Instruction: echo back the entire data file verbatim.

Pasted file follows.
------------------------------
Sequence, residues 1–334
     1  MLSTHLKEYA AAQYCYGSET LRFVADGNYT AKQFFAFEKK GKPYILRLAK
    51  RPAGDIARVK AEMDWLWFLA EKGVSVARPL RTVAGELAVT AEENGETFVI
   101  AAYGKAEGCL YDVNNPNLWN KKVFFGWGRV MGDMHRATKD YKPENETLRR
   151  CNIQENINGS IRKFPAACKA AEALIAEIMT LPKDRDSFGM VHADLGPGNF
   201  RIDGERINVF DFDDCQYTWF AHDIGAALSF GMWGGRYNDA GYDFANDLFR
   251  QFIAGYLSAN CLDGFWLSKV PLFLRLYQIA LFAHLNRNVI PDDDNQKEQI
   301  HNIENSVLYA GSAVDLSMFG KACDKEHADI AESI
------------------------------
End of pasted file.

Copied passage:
Sequence, residues 1–334
     1  MLSTHLKEYA AAQYCYGSET LRFVADGNYT AKQFFAFEKK GKPYILRLAK
    51  RPAGDIARVK AEMDWLWFLA EKGVSVARPL RTVAGELAVT AEENGETFVI
   101  AAYGKAEGCL YDVNNPNLWN KKVFFGWGRV MGDMHRATKD YKPENETLRR
   151  CNIQENINGS IRKFPAACKA AEALIAEIMT LPKDRDSFGM VHADLGPGNF
   201  RIDGERINVF DFDDCQYTWF AHDIGAALSF GMWGGRYNDA GYDFANDLFR
   251  QFIAGYLSAN CLDGFWLSKV PLFLRLYQIA LFAHLNRNVI PDDDNQKEQI
   301  HNIENSVLYA GSAVDLSMFG KACDKEHADI AESI